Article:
Ginger Nuts of Horror
Clowns are scary. Allegedly. Personally I don’t get it. I don’t like them particularly. They're the least-funny source of comedy since the last time Miranda Hart fell over. But I don’t find them scary. Many do though, it seems. I’m not sure when or where the idea of clowns as a horror device started, but it’s fairly well ingrained into popular culture now. From Bart Simpson refusing to sleep because “clowns will eat me”, to full-length books and movies, clowns have now joined vampires and werewolves as an actual monster breed. How they feel about that is anyone’s guess, but if nothing else it’s certainly given them a longevity that their tomfoolery alone wouldn’t have allowed.
I don’t actually know anyone who likes clowns as a comedy device, so their original pre-horror appeal is lost on me. My girlfriend loves them in horror, my young niece is scared of them, and so is my friend Rebecca. Which is why it was hilarious when I had a fancy-dress party recently where my friend Steve dressed as Pennywise and decided to give Rebecca (dressed as Poison Ivy) a big hug. There’s a photo of this tender moment attached. Doesn’t she look happy?
I mentioned Pennywise there, and he’s probably the most famous example of a scary horror clown. A shape shifting demon who takes the form of what kids are afraid of. But technically I think he’s a bad example. Because he isn’t actually a clown. He takes that form because that’s what one of the children in the story is afraid of. He also takes other forms as it’s relevant for him to do so. So the fact that he’s a clown is because we find clowns scary, not the other way around. Pennywise can’t be blamed for our multi-coloured big-shoed nightmares, as much as he might like to be.
Personally I love Krusty the Clown, easily the best character on the Simpsons. He’s not scary in the traditional sense, but he is an eerily accurate representation of the truth behind the squeaky-clean image that kids’ TV presenters have to maintain. Thankfully he doesn’t go down the route of British kids TV presenters that have come to light lately, but more the drink and drugs and prostitution more connected with 90s kids’ TV rather than its more insidious 70s counterpart. It’s also implied that Krusty has killed at least one person and got away with it, which is also a bit of dark humour for you. I love Krusty, and a compilation of his best bits would get more laughs than any normal episode of the Simpsons. From me, at least.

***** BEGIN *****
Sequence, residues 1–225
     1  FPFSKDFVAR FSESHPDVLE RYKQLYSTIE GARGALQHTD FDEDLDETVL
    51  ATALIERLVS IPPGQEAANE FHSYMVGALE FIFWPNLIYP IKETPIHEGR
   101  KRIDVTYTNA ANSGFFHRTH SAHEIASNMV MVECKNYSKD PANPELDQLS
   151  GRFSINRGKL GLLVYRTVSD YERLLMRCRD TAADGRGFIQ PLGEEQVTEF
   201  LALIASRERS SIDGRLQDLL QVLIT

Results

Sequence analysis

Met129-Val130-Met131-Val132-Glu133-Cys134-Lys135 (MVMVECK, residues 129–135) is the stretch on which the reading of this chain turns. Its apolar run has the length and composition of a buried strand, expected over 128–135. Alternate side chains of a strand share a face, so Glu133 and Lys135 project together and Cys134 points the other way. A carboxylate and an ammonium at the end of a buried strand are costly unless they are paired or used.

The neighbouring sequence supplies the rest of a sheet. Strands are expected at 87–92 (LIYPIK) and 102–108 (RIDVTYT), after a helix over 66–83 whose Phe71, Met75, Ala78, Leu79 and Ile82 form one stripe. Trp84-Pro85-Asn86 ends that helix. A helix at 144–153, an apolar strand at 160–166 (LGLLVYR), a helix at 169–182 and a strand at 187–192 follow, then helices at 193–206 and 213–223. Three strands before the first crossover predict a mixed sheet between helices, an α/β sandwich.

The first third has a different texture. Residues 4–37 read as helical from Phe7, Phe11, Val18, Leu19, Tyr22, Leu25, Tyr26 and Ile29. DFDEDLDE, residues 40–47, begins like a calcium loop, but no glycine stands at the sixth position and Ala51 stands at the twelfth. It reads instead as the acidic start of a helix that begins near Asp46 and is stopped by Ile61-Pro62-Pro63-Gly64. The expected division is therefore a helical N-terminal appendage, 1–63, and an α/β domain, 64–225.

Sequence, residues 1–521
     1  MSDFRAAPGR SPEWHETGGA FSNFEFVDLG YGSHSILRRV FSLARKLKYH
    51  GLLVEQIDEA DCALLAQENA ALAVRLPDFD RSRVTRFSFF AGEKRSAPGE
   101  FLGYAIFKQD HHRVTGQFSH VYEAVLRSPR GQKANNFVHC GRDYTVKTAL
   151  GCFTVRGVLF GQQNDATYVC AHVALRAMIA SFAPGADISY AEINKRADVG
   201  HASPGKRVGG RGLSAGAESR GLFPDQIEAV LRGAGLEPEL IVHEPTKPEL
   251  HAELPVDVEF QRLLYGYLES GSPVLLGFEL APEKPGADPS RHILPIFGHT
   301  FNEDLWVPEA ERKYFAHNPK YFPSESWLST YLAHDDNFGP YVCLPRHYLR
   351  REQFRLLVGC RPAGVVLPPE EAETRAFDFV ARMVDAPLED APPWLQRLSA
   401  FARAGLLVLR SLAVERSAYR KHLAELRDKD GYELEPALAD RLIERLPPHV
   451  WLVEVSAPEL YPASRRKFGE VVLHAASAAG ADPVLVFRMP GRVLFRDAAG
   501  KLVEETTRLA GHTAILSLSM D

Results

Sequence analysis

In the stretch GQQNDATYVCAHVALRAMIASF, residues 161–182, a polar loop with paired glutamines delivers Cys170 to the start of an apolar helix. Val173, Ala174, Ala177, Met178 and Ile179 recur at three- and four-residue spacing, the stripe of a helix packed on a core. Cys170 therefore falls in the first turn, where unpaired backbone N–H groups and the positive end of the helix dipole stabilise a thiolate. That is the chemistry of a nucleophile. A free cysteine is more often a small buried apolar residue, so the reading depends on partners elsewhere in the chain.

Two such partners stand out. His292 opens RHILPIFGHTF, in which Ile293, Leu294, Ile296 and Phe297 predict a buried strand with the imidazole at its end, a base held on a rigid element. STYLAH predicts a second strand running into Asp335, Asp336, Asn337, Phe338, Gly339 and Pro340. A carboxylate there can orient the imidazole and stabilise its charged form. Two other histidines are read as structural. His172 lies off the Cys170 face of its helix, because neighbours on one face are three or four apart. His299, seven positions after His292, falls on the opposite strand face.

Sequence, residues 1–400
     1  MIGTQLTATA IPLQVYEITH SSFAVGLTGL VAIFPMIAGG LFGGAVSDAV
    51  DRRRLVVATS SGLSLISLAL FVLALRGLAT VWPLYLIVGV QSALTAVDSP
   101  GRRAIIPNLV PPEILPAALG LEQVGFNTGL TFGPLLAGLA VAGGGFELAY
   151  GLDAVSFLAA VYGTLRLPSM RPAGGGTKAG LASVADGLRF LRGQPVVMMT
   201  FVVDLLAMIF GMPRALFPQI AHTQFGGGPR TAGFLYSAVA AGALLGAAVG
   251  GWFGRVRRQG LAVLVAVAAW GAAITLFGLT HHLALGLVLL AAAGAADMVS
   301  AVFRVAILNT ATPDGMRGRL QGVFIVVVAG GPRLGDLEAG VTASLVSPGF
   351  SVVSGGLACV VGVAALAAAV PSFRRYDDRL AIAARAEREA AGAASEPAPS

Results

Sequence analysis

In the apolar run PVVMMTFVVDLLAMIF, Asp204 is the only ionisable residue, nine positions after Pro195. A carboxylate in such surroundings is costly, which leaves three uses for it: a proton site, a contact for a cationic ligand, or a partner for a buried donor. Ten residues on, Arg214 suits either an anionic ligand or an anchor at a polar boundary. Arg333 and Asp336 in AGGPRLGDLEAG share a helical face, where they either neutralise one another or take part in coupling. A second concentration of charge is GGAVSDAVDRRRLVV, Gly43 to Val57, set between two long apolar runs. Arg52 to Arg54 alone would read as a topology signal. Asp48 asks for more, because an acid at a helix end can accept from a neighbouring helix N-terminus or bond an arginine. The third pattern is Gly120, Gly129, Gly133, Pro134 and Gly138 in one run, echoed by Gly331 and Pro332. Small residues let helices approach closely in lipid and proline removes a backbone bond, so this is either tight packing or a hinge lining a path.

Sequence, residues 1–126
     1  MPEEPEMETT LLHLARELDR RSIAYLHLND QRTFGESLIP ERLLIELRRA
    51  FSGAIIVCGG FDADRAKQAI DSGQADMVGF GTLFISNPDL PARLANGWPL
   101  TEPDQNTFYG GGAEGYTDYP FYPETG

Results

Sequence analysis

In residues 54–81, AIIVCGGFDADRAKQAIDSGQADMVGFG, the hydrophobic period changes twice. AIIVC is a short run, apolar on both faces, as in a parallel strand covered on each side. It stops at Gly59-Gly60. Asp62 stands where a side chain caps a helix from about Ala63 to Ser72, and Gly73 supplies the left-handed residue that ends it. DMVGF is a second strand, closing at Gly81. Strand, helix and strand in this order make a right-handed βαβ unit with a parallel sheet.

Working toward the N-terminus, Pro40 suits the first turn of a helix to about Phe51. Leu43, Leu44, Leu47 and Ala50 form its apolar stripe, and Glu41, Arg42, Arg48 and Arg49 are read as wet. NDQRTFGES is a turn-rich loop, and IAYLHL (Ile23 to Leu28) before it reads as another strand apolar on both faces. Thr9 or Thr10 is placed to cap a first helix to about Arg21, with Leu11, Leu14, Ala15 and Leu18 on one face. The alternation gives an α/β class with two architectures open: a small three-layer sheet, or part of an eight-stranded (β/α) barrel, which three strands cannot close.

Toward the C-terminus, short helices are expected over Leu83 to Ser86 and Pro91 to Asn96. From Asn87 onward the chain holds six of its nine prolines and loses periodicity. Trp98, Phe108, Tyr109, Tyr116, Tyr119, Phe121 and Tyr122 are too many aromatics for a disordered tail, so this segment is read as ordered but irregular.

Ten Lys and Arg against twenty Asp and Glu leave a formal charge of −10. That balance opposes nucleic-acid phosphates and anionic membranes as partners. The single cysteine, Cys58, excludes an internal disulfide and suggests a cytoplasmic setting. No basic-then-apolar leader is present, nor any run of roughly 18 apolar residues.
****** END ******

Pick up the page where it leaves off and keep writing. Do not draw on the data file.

Killer Clowns from Outer Space is another ‘classic’ example, and I used the quotation marks because that film obviously falls into the category of ‘so bad it’s good’. It’s not a serious film and it knows that it isn’t, but therein lies its brilliance. Evil, malicious clowns from space who kill people and eat them. If you are a clown-phobic type, then it’s basically your worst nightmare come to life. The clowns look brilliant, too. Low budget 80s effects they may be, but that takes nothing away from how sinister they look. The fact that their weapons are all based on clownish idioms like Candy Floss and Popcorn is also sinister when you actually think about it.
Next we come to the Joker. My personal favourite evil clown, as a major Batman fan. Now I love the Joker, but my preferred version if the one many won’t be familiar with. The comic book, unfiltered version. This guy isn’t the Joker you’ll see on movies or videogames. He certainly doesn’t belong on snazzy T-shirts. This is the guy who breaks into your house and Christmas Eve, kills your children, then hangs them from the fireplace like stockings. Or gives you a loaded gun and forces you to choose between your wife or your mother. Not for any reason either, but purely because that’s what he wants to do. The reason behind the Joker’s malice is never given, nor should it be. We have no idea who he was before he became what he is now, and anytime he’s hinted at an origin it seems to contradict something he’s said before (as beautifully demonstrated by Heath Ledger in the Dark Knight movie).